Bank liquidation is the process of dissolving a bank’s operations when it is unable to meet its financial obligations or is insolvent. This is done to protect depositors, maintain financial stability, and prevent contagion in the banking system.
The rationale behind bank liquidation is to safeguard depositors’ interests, maintain public trust in the financial system, and minimize the economic impact of a failing bank. It may impact society by causing job losses, reduced access to financial services, and potential losses for creditors and shareholders.
Some banks in Hungary are liquidated due to insolvency or regulatory violations, while others may receive penalties or sanctions if they can address the issues and continue to operate. The decision depends on the severity of the problems and the bank’s ability to remedy them.
The Legal Framework
The main laws governing bank liquidation in Hungary are the Credit Institutions Act, the Bankruptcy Act, and the Deposit Guarantee Act. These laws provide the regulatory framework for the liquidation process and the protection of depositors.
The Bank Recovery and Resolution Directive (BRRD) is an EU regulation aiming to provide a framework for the orderly resolution of failing banks. It establishes common rules and tools for EU member states, including Hungary, to ensure minimal impact on taxpayers and the financial system.
Local insolvency regulation in Hungary, such as the Bankruptcy Act, outlines the specific procedures and timelines for bank liquidation, the appointment of a liquidator, and the distribution of assets. It ensures that the process is transparent, fair, and orderly.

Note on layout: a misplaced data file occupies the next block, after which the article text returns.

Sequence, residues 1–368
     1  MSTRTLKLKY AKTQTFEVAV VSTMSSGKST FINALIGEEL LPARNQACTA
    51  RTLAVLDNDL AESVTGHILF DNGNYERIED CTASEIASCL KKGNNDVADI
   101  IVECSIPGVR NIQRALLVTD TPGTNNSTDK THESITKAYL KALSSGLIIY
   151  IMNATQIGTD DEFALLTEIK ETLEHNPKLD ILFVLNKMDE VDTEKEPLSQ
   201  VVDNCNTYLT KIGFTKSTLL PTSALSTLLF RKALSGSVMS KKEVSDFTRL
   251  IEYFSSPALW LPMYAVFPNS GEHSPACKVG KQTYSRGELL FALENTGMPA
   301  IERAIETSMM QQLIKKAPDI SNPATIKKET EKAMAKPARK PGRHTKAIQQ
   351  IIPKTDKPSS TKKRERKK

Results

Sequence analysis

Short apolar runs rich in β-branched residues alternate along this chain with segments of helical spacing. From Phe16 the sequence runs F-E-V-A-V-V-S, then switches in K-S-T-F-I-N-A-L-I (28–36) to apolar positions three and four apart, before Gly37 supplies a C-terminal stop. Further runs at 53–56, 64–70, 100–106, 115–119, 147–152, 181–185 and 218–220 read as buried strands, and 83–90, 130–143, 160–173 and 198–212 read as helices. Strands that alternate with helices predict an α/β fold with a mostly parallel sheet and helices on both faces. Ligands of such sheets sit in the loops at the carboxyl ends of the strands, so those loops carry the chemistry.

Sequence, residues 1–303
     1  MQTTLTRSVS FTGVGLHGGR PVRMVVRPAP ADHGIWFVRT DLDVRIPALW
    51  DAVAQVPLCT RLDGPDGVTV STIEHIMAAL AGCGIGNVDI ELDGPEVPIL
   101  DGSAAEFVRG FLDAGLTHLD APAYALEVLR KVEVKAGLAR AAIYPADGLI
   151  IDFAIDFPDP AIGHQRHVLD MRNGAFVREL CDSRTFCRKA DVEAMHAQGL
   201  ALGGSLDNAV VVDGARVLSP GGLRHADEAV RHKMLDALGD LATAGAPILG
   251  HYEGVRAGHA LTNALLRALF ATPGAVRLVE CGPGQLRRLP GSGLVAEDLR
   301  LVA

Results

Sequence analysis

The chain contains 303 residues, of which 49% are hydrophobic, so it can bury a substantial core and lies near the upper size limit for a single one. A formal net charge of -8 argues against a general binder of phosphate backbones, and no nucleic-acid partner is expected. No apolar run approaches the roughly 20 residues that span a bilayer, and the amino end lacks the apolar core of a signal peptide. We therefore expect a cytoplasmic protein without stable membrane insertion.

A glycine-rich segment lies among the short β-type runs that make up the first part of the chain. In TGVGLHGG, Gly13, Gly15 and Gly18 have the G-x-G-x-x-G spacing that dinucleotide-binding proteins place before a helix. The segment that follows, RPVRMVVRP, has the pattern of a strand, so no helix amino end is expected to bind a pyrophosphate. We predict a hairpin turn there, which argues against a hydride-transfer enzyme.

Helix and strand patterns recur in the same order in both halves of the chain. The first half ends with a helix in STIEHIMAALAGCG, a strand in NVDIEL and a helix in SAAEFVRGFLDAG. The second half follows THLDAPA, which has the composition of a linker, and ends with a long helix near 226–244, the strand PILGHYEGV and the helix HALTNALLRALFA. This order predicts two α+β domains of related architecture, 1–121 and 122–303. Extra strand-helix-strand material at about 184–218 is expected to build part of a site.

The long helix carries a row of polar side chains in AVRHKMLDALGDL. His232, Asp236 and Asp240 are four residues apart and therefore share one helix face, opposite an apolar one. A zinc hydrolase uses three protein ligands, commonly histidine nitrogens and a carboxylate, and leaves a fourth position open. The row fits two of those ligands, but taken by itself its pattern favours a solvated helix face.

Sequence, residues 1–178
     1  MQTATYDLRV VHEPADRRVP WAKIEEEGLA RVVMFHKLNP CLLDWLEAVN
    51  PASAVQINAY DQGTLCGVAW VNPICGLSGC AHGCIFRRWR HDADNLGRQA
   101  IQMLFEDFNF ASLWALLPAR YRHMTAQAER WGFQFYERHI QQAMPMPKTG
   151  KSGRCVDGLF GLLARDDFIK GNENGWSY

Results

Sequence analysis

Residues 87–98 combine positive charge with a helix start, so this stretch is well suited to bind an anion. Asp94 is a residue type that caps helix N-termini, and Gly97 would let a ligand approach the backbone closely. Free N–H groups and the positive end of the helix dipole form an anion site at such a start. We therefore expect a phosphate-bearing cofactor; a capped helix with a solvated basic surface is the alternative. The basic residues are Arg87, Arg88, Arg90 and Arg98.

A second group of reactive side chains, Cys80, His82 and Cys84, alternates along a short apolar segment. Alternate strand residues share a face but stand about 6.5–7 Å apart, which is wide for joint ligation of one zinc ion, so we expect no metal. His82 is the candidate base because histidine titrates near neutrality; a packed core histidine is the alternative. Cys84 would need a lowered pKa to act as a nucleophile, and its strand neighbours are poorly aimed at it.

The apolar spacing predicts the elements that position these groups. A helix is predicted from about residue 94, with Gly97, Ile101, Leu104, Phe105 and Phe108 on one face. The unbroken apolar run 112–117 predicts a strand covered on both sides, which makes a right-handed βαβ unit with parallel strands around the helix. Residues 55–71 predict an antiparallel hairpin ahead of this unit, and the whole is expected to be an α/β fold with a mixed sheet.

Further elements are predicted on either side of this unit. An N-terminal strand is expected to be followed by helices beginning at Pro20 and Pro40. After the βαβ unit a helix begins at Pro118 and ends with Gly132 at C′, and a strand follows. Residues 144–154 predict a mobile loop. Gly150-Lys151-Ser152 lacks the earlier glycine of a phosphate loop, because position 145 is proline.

Bank Liquidation Procedures in Hungary
Before liquidation, the Hungarian Financial Supervisory Authority (HFSA) may impose measures to address a bank’s issues, such as requiring additional capital, restructuring, or limiting operations. If these measures fail, the HFSA may initiate the liquidation process.
The assets of a distressed bank are valued by an independent valuer, who assesses their market value and potential write-downs. Write-downs may occur due to declining asset values, loan defaults, or other factors affecting the bank’s financial position.
The collection of foreign assets may be challenging due to differing legal frameworks, currency fluctuations, and political risks. These factors can prolong the liquidation process and affect the repayment percentages for creditors. A liquidator is appointed by the HFSA to oversee the liquidation process. The liquidator is responsible for managing the bank’s assets, distributing proceeds to creditors, and ensuring compliance with legal requirements.
Assets are distributed to creditors based on the priority of their claims, as established by the Bankruptcy Act. Secured creditors are paid first, followed by unsecured creditors, and finally, shareholders. Secured creditors have a higher priority in the distribution of assets and are paid before unsecured creditors. Secured creditors have collateral backing their claims, such as mortgages or liens on specific assets, while unsecured creditors do not have such protection. After the secured creditors’ claims are satisfied, unsecured creditors receive a pro-rata share of the remaining assets, depending on the total amount of their claims.
The duration of the liquidation process in Hungary can vary significantly depending on the complexity of the case, the size of the bank, and the nature of its assets. It can take anywhere from several months to a few years. Creditors can expect to receive payouts during the liquidation process once the assets are sold, and the proceeds are distributed according to the priority of claims. However, the exact timing of payouts may be uncertain, as it depends on factors such as asset realization, legal disputes, and the overall progress of the liquidation.